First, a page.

The path to new all time highs

Posted by Jacob Radke
July 18, 2023

“As we move through this year… if things develop as expected, we’ll be normalizing policy, meaning we’re going to end our asset purchases in March, meaning we’ll be raising rates over the course of the year… At some point perhaps later this year we will start to allow the balance sheet to run off, and that’s just the road to normalizing policy.”

That was a quote from Jerome Powell on January 11th of 2022 stating that interest rate hikes may be necessary as soon as the March [2022] meeting.

That means we have been at this now for almost 20 months. It took ~10 months to reach the current bottom of the market, and now it’s been 9 months of pure stock market bliss.

The S&P 500 is near new all time highs

The S&P 500 is a mere 3.65% off of it’s all time highs, the Nasdaq Composite is off only 10.9%, much much closer to the top from the dismal 36% off it had been, and the Russell 2000 (small and mid cap index) is off around 19%.

This is a scenario that nobody thought was possible.

However companies have shown resilience, inflation has greatly subsided, and consumers aren’t feeling an overwhelming amount of pressure in the economy.

Those three, seemingly impossible to forecast, outcomes are what I believe to be the catalyst for our performance this year.

But any reasonable person should question that. Why should we be hitting new all time highs? Are there still significant risks to the market in general? After all it was me that said “this was all a sentiment driven rally” earlier this year.

While I do, now, believe that there is some backbone to this rally (namely rising earnings expectations, falling inflation expectations, and a notion of a semi-stable economy), there are also risks.

The yield curve has been greatly inverted for a very long time, but to be fair partly because of the fact that the Fed controls short term rates and both were at historic lows prior (the short end just outpaced, by a mile, the long term rates, because the Fed’s transparency).

Even though falling asset prices generally follow an inverted yield curve, we saw major price downs in 2022 in anticipation of what could be a worsening recession that now the market may be looking past.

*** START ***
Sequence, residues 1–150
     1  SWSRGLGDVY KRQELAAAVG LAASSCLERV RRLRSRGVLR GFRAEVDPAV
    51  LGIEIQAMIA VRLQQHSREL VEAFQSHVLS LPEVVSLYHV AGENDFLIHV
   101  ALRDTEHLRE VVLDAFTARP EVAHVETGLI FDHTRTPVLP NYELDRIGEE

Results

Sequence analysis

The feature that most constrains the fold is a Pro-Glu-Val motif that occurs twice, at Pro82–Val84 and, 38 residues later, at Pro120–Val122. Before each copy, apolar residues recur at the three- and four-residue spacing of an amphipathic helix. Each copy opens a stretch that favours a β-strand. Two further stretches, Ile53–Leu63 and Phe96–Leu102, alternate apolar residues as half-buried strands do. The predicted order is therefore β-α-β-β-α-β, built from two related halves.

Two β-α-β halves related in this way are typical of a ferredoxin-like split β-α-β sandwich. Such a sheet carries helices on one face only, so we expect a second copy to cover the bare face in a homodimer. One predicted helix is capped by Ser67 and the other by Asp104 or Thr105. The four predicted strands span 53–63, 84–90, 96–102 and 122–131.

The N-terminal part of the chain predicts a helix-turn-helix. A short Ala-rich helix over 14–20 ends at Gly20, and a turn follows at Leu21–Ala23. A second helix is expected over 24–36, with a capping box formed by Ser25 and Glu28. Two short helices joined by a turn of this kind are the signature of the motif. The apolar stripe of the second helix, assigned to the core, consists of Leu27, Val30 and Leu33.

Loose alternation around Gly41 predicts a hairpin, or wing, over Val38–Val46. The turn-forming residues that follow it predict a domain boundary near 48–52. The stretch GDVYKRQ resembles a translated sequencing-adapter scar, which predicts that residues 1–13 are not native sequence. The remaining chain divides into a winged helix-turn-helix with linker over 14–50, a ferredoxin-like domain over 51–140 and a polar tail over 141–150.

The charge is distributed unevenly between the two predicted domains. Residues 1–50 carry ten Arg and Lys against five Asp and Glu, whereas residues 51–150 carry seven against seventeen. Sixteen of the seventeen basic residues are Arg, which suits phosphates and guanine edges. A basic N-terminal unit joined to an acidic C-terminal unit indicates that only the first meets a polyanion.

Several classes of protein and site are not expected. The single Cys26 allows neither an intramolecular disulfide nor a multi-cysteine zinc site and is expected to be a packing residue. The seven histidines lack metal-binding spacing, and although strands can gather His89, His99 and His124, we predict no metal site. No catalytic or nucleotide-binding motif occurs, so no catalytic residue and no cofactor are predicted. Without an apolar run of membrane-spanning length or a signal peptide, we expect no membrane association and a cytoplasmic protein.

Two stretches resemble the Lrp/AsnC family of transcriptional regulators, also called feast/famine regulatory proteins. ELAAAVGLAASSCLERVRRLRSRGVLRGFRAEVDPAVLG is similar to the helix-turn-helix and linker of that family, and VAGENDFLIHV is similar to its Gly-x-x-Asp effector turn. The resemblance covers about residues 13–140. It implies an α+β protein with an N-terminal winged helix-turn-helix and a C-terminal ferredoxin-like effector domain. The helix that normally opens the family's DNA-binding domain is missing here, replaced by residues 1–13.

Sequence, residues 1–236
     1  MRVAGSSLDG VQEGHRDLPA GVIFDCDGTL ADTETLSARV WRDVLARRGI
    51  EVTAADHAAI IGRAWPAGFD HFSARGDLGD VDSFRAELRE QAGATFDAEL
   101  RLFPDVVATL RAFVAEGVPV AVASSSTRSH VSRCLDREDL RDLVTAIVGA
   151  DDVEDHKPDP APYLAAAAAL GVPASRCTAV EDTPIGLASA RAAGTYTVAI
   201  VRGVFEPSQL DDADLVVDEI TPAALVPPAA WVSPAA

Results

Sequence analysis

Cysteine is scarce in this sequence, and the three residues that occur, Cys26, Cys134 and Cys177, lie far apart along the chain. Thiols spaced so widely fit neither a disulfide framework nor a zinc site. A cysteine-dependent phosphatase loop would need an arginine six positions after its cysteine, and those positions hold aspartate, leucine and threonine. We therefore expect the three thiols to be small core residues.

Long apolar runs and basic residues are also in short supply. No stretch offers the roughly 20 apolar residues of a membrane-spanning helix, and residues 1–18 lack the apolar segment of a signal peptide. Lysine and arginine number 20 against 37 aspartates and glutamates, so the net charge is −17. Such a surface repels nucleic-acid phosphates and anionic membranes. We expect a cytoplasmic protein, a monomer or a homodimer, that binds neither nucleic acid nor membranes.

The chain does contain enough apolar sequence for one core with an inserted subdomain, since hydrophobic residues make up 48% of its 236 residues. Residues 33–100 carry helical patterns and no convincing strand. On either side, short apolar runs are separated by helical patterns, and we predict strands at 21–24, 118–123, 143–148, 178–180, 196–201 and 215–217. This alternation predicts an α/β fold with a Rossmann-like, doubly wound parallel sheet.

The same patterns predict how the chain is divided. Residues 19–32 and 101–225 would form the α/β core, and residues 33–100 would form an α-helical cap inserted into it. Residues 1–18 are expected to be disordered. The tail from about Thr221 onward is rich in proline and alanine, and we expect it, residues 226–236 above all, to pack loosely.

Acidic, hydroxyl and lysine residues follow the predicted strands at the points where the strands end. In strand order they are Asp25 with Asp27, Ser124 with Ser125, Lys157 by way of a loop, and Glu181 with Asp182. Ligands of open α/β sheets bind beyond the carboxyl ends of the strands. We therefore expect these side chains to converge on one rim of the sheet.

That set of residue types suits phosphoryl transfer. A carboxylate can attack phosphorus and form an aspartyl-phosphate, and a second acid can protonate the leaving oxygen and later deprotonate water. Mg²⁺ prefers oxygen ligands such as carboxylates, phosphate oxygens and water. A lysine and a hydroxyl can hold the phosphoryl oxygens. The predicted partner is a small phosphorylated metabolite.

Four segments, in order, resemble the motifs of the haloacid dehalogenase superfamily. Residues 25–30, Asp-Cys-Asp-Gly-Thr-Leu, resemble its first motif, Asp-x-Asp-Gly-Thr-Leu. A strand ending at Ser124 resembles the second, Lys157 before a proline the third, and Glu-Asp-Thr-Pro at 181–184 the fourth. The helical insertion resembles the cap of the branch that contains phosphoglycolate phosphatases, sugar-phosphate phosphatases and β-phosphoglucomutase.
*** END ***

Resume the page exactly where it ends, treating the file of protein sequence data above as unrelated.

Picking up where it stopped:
Rolling 1 year stock returns and an inverted yield curve.

The S&P 500 companies continue to see earnings forecast improvements, but the future of margins may just be beginning.

While earnings expectations are improving the prices that business charge (producer prices) are steadily decreasing, signifying weakening demand on the purchasing side.

It may be hard to see the correlation between PPI (producer price index) and CPI (consumer price index) and why falling producer prices harm the business so I’ll give a brief explanation.

Falling PPI suggests that producers are facing declining prices for their goods and services. If businesses are unable to pass these cost savings to consumers, their profit margins may be squeezed. This can lead to reduced profitability and financial strain, particularly for industries with high fixed costs or tight profit margins.

And businesses experiencing falling prices may find it difficult to maintain or expand their workforce. Reduced profit margins can lead to cost-cutting measures, including layoffs and hiring freezes, which can negatively impact employment levels. Moreover, if businesses are struggling financially, they may be less likely to offer competitive wages or benefits to their employees.

Producer Price index over the last 3 years

The economy has remained rigidly strong through, a balance sheet adjusted, 7% in rate increases which is rather phenomenal. However, in the Fed’s own words “monetary policy works in long and variable lags.”

We may not see the full impact of that 7% of financial tightening until mid 2024 or 2025.

Earnings per share estimates improve.

The good thing, for now, is that the labor market is strong while average hourly earnings growth is slowing down with inflation, the consumer is still spending (70% of GDP), and real GDP only took a mild beat in early 2022.

There is far more to the economy, but the consumer is by far the most important.

Even with all of the concerns in the market right now I remain hopeful and cautiously optimistic.

Continued earnings forecast improvements, a Fed that is backing off, inflation that is now at target, and a consumer that is still healthy could continue to drive outperformance. But as always market participants like to look past the now, and may see some new storm clouds forming on the horizon, and while I may not see them now, it doesn’t mean they don’t exist.

As we head through the rest of the year remember to stay true to your strategy, remember to rebalance, stay diversified, and stay in the know.

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